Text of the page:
Not sharks or snakes or lions. In the case of deadly animals, mosquitoes are the most dangerous in the world. They can be small and fragile, but their ability to carry and transmit diseases cause millions of deaths each year around the world. Only malaria caused 438,000 deaths in 2015, according to data from the World Health Organization (WHO). Their competitors may be big, strong and scary, but don’t cause even a third of mosquitoes’ casualties: snakes make about 125,000 fatal victims worldwide each year, lions make 200 victims and sharks just 55, according to WHO data.
Several viruses are transmitted by mosquitoes and other arthropods – the “arboviruses”. The best-known are the Aedes and Culex mosquitoes. The list of diseases that can be transmitted is huge and ranges from the most known as dengue, chikungunya and zika, to the more exotic ones, such as filariasis and West Nile fever, and also malaria, yellow fever and leishmaniasis. Some cause no more than a discomfort that resembles the common cold, but many can be fatal.
Small, but dangerous
The Aedes mosquito is one of the smallest – it has only seven millimeters – and also one of the most dangerous. It is responsible for transmitting various diseases, including dengue, zika, chikungunya and yellow fever.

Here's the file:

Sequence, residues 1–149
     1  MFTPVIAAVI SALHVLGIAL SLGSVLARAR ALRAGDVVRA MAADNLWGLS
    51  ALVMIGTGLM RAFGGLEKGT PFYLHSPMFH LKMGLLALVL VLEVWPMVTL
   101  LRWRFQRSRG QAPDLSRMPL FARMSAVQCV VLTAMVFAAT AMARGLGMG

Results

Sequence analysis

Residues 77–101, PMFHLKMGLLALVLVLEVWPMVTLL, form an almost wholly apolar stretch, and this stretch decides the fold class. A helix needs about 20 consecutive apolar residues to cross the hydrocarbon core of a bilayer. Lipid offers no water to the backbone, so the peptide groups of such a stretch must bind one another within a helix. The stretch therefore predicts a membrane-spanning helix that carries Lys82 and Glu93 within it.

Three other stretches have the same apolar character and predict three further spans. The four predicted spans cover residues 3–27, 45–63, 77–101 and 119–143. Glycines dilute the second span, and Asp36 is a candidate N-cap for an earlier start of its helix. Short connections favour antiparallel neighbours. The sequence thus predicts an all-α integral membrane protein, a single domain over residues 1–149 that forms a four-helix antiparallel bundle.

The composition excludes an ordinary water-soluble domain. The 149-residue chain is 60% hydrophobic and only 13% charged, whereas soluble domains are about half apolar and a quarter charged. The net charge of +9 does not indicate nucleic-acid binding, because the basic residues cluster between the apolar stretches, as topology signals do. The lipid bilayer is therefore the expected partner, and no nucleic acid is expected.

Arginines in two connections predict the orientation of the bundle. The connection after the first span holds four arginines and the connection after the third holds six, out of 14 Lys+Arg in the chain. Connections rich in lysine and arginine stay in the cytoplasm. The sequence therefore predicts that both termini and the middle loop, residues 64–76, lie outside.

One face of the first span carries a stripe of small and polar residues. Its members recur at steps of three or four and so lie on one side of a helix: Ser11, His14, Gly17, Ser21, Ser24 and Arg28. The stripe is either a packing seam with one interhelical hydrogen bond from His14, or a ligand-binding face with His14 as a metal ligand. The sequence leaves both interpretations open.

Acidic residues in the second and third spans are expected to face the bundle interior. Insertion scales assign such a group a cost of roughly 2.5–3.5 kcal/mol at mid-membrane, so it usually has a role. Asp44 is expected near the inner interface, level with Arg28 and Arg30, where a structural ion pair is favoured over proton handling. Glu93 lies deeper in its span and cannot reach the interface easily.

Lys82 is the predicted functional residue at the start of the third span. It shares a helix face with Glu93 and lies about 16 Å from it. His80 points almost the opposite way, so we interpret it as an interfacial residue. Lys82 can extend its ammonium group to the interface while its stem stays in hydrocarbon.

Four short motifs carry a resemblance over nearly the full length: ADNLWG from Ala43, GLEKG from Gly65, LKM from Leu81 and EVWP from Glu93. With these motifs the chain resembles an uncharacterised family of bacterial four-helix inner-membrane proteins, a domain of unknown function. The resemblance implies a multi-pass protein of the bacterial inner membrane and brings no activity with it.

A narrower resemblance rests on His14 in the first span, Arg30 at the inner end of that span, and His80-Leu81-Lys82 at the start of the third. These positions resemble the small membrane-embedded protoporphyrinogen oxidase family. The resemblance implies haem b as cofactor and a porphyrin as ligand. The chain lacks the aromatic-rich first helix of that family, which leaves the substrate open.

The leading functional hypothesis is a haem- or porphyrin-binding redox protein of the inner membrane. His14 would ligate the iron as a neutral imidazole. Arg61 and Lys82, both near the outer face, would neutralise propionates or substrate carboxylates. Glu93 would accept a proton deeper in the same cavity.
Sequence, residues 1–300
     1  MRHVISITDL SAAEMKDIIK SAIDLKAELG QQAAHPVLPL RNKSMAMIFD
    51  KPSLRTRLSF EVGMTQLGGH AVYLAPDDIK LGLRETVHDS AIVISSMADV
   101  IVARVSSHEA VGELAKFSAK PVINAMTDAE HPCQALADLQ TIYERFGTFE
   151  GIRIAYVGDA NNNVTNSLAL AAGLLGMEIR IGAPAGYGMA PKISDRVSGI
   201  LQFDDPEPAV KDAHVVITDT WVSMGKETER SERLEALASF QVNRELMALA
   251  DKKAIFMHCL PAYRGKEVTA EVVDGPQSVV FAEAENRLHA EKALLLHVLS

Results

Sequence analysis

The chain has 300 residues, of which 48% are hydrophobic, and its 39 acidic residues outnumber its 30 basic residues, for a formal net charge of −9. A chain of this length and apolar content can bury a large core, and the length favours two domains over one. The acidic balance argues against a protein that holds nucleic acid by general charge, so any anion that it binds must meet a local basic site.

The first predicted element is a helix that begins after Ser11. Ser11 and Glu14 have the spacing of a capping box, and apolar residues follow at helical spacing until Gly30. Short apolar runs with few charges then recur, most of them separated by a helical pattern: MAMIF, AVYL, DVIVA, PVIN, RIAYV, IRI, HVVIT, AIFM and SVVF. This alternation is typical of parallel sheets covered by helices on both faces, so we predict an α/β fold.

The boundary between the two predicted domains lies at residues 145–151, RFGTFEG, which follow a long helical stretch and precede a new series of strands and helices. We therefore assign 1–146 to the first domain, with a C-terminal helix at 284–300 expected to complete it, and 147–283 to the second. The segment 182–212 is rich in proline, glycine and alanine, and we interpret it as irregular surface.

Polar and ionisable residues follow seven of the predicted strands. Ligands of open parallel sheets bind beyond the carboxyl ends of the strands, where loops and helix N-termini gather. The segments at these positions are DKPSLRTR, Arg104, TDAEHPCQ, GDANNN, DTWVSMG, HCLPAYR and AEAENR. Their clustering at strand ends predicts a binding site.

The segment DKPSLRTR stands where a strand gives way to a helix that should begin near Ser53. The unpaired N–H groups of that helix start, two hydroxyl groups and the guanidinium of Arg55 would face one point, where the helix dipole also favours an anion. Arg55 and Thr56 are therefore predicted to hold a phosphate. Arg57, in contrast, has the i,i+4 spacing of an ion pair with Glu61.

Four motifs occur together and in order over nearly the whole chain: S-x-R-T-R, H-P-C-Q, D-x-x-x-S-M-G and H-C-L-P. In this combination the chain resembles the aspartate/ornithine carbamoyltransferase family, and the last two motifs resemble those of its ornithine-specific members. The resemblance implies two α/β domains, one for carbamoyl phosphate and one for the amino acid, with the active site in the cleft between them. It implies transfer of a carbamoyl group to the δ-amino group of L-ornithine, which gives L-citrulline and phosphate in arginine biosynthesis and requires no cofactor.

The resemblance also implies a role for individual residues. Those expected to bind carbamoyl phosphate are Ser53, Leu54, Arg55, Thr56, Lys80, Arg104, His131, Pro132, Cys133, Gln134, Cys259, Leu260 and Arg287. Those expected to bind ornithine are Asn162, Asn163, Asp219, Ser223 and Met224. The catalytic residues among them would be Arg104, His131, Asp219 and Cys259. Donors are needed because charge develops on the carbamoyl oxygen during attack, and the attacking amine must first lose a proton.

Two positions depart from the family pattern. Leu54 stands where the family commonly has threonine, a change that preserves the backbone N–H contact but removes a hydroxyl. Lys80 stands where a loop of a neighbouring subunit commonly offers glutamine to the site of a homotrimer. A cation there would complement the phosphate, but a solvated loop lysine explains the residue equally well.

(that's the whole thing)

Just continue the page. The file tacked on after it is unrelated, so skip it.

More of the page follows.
Dengue is the one that with the highest number of cases: a recent estimate published by Bhatt and colleagues in Nature magazine indicates 390 million infections by the disease each year, of which 96 million were manifested clinically. According to WHO, dengue is endemic in more than 128 countries, with about 3.8 million people at risk.
Chikungunya had more than 37,000 confirmed cases in the Americas recorded in 2015 by the Pan American Health Organization (PAHO). Zika had more than 91,000 probable cases recorded up to April this year in epidemiological bulletin of the Ministry of Health of Brazil. Both diseases have been documented in more than 60 countries in Africa, Asia, the Americas and Europe.
Despite the huge numbers, most of the time these diseases are mild or moderate. However, some cases may be serious. Classic dengue rarely has serious consequences, but hemorrhagic dengue can lead to death. “Severe cases of the disease are very rare, and mortality rate is relatively low – about 40 deaths per 100,000 cases recorded (0.04%)”, says Otávio Clark, CEO and team leader of Evidências – Kantar Health.
The main risk of zika is the infection of pregnant women, which may cause microcephaly and other complications n babies. Furthermore, zika virus is also associated with Guillain-Barré syndrome (a rare disease in which the immune system attacks peripheral nerves cells, causing muscle weakness and loss of sensation).